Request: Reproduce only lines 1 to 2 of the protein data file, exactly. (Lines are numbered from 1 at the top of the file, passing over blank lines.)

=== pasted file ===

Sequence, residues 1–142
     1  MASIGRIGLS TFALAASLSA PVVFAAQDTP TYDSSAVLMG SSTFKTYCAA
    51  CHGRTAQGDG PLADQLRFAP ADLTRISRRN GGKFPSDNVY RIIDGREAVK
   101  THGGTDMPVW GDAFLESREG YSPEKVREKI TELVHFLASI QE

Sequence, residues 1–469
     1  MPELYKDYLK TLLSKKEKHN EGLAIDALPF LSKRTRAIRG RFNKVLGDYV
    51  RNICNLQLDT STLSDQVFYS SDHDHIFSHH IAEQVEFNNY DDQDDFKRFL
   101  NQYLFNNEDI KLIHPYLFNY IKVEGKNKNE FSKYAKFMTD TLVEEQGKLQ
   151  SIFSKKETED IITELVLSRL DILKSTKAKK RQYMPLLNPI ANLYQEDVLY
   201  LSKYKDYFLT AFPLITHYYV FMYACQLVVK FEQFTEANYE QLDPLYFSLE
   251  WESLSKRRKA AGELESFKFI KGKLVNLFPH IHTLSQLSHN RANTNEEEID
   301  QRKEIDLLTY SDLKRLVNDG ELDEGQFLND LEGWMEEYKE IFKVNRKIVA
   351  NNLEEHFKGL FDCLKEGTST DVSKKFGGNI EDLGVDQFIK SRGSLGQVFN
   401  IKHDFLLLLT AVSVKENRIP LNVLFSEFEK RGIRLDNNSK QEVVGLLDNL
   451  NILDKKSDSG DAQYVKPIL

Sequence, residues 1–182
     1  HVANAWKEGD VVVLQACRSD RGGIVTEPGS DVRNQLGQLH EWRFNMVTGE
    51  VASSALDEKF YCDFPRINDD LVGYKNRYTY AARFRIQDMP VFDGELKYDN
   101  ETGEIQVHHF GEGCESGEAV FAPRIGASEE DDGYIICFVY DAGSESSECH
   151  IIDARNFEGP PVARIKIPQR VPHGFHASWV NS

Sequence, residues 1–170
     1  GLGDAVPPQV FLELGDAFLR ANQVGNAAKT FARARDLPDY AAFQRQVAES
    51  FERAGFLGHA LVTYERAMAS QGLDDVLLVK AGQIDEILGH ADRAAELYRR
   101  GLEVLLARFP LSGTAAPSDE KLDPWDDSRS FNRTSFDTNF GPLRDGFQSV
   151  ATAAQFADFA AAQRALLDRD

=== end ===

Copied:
Sequence, residues 1–142
     1  MASIGRIGLS TFALAASLSA PVVFAAQDTP TYDSSAVLMG SSTFKTYCAA